During the American Revolution a yearly day of national thanksgiving was suggested by the Continental Congress. In 1817 New York State adopted Thanksgiving Day as an annual custom, and by the middle of the 19th century many other states had done the same.

    In 1863 President Abraham Lincoln appointed a day of thanksgiving as the last Thursday in November, which he may have correlated it with the November 21, 1621, anchoring of the Mayflower at Cape Cod. Since then, each president has issued a Thanksgiving Day proclamation. President Franklin D. Roosevelt set the date for Thanksgiving to the fourth Thursday of November in 1939 (approved by Congress in 1941.)

    We at Cremation Society of America would like to wish you and your family a safe and Happy Thanksgiving. We hope that you cherish these moments surrounded by family and friends in the spirit of joy and Thanksgiving.

All posts by CSA

  • At Cremation Society of America, we see all-too-often clients who had failed to properly plan for the day that is inevitable for all of us: the day that we pass away. It’s never a pleasant subject and one that most of us would prefer to address at a later date. What happens if that “later date” never arrives?

    Sound Estate Planning and gathering of your important documents might very well be the most appreciated final act that you could do for your family. Let’s explore some Estate Planning steps that you can take.

    The Need for Estate Planning

    Much like a Will, Estate Planning organizes the financial, legal and medical aspects of your life for those who will survive and succeed you. As a matter of fact, a Will is a component of a well-rounded Estate Plan.

    As with anything pertaining to legal documents, we at Cremation Society of America strongly suggest that you consult with an attorney who specializes in estate planning and probate issues. This attorney has a fiduciary duty to give you the guidance and representation that you will need to put your estate in order.

    Where to Begin?

    The best place to start your estate-planning project is to take an inventory of everything of value that you may own,  possess or of which you have a stake or interest. Here are some items that you should include in your list:

    • Your Home/Deed
    • The Deeds to any properties/real estate that you Own
    • Retirement Plans, including 401(K), Pensions, Individual Retirement Accounts (“IRAs”), Social Security benefits, Stock Holdings, etc. – be sure to include any online login credentials needed to access these accounts online
    • Life Insurance Policies or any other vehicles that may pay out benefits upon your death – be sure to include any online login credentials needed to access these accounts online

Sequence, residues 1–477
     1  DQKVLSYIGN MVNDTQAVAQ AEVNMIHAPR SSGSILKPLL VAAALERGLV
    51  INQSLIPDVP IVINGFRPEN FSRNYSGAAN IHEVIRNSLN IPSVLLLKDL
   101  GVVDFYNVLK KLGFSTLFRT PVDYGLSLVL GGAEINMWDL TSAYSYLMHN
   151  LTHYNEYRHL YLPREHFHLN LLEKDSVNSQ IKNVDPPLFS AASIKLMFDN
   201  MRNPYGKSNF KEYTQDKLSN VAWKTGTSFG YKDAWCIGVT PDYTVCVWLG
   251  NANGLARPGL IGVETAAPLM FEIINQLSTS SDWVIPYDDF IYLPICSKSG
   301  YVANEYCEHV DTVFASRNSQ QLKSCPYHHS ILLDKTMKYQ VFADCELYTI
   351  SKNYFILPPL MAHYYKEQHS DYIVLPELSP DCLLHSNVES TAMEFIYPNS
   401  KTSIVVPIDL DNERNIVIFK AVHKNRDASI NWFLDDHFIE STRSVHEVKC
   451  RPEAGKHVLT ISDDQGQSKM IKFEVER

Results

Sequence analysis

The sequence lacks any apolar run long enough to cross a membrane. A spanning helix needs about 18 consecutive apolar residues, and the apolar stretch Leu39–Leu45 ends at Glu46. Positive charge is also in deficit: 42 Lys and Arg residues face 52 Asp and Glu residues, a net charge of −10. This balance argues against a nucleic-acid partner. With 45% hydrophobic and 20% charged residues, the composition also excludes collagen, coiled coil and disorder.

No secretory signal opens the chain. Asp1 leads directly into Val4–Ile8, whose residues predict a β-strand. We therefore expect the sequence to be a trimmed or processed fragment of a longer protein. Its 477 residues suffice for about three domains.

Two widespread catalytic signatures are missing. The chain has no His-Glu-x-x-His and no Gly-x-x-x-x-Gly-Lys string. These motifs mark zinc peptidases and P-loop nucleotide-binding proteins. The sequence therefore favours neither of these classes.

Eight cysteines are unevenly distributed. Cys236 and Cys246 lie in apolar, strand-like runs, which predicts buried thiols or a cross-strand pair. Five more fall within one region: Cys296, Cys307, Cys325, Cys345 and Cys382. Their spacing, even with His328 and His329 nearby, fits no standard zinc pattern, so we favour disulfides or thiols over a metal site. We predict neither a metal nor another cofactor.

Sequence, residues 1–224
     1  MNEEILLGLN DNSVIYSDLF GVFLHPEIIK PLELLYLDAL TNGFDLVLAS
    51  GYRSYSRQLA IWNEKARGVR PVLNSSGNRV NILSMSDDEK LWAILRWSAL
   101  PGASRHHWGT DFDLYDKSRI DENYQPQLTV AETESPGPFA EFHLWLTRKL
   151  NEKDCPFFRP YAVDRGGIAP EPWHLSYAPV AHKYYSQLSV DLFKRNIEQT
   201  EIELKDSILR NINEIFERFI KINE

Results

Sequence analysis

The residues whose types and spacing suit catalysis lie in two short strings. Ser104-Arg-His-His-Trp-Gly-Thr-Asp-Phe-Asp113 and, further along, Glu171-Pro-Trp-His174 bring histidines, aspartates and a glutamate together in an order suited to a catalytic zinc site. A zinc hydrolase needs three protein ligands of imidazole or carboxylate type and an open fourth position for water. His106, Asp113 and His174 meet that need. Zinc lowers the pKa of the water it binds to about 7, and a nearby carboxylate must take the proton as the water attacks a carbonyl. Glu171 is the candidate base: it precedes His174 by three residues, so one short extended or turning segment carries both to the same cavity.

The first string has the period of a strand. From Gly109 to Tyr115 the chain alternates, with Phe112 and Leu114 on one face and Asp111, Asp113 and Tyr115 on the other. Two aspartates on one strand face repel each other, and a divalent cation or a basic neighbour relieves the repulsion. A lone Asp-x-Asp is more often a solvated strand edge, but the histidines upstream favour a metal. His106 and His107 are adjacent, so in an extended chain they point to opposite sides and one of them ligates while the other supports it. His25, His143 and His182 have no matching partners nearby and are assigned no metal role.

• Health Benefits including private insurance, pension benefits, Medicare, Medicaid, Veterans Administration Benefits – your spouse or family may be entitled to these benefits in the event of your death
    • Bank Accounts, Investment Accounts, Stocks, Bonds, etc. – be sure to include any online login credentials needed to access these accounts online
    • List all valuables – jewelry, art, etc.  Be sure to take pictures and keep the pictures in a safe deposit box or in a cloud storage solution that a family member can access.
    • All liabilities such as mortgages, loans, credit cards, anything for which you owe money and may lead to a creditor seeking repayment from your estate

    Create or Update Legal Documents

    Meet with your attorney to create or update legal documents that will further protect your estate upon your passing. Your attorney’s recommendations may include the following:

    • A Will – include an updated list of beneficiaries
    • Healthcare directives/documents such as Power-Of-Attorney and/or a Living Will
    • Creation of a Trust(s)

    Arrange for Long-Term Care

    Most people forget that you can also plan for your long-term medical care as part of your estate planning. YOU can set aside assets to pay for your medical, housing, nurse care and related costs up to point of your passing. Be sure to contact a health care planning professional to review your options.

    Arrange for End Of Life

    Pre-plan your end-of-life arrangements, whether burial or cremation, services, location, cemetery plot – everything that you want in place upon your death because these are questions that only YOU can answer.